I think a lot of young people who don’t even have what I call the big three covered, people who, say, maybe are not even maxing out their retirement accounts, or they haven’t established that emergency reserve fund, or they haven’t paid down all that student loan debt. A lot of those people probably don’t need to be paying for personalized, expensive advice if they haven’t covered those basics first.
Doug: In this chapter, you [Laughs] were very direct with your readers. What do you do when the lame ass is you?
Jill: Yeah, this is a tough one, right? Because I think that, in my previous life in my practice, oftentimes it takes something bad happening to expose that fact, meaning that maybe you or your husband, one of you was managing the money and you made a mistake, and now you got to come clean, or you now have to admit to your spouse, “This has gotten beyond me,” or “I think I bought something really stupid.”
If you don’t trust yourself, or if you have to come clean, or you really need someone who can bridge the gap between you and your spouse to help the family achieve its goals, then I think those are good candidates for seeking sound financial planning advice.
Doug: I want to skip ahead, Jill, and talk about a subject that is obviously in the news every day, and it’s the college debt issue. Not only the college debt that our children might be taking on, but the debt that parents are taking on. You have a chapter on too much college debt. Why did you add that into the dumb things?
Jill: I saw quite a bit of this in the last 10 years or so with colleagues of mine at work or people who called my radio show or my podcast, and they were people who understood the value of college, they knew that college graduates and a college degree was incredibly important, and they were also parents and they were so willing to put their own needs behind the needs of their kids.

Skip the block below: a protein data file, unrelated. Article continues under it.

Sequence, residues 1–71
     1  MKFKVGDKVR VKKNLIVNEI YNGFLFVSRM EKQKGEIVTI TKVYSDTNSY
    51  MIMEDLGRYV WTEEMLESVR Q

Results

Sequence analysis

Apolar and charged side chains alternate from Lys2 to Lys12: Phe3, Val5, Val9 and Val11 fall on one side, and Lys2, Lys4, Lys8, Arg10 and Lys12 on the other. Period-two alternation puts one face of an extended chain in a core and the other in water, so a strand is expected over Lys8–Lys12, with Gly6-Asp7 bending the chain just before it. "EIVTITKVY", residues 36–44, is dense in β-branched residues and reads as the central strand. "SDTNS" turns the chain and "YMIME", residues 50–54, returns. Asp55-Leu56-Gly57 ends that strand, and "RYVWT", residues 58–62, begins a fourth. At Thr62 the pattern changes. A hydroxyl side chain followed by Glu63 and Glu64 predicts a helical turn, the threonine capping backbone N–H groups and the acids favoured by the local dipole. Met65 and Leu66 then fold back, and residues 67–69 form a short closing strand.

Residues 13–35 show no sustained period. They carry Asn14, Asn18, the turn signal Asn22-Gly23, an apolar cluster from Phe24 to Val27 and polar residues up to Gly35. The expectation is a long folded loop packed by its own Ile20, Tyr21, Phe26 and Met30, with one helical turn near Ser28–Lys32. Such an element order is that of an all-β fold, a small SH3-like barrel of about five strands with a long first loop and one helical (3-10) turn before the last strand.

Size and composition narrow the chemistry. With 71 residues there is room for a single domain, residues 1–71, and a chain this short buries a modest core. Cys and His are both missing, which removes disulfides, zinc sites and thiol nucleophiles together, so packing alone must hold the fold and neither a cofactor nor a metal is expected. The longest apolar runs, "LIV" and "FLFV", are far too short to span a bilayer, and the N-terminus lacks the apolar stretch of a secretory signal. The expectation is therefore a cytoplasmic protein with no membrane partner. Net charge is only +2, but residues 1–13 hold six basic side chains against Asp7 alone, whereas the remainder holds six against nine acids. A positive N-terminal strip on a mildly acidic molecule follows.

I think that you can make a sound argument for saying, “I should be funding retirement and college at the exact same time,” because time value of money and one event comes before the other. But I think the bigger issue is that a lot of times, people make assumptions and say, “Well, I’m going to pull back, I’m putting money into my 401(k) or I’m going to borrow from my 401(k) to help my kid out and get this degree,” and maybe they don’t believe in the future there could be any instability in their own careers, and there often is.
Maybe they believe that it’s really hard to say to their kid, “Hey, honey, I know you want to go to a $50,000 a year school, but we as a family can really only afford 20, 25,000,” and there is this real fear of saying no to your kid.
I think the answer is that we want kids to get college degrees. We don’t want them saddling themselves with tons of debt to get that degree. We don’t want the family, the parents or the grandparents, to short-change their own retirement so the kid can get a degree, and all this boils down to having really open and honest conversations with your kids about what the family can afford.
The fastest-growing segment of student loan borrowers right now is those aged 60 and over. That to me is a pretty stunning statistic that comes from the Federal Reserve Board of New York. I found that just an alarming stat and that people just are making mistakes around the educations that their kids can get.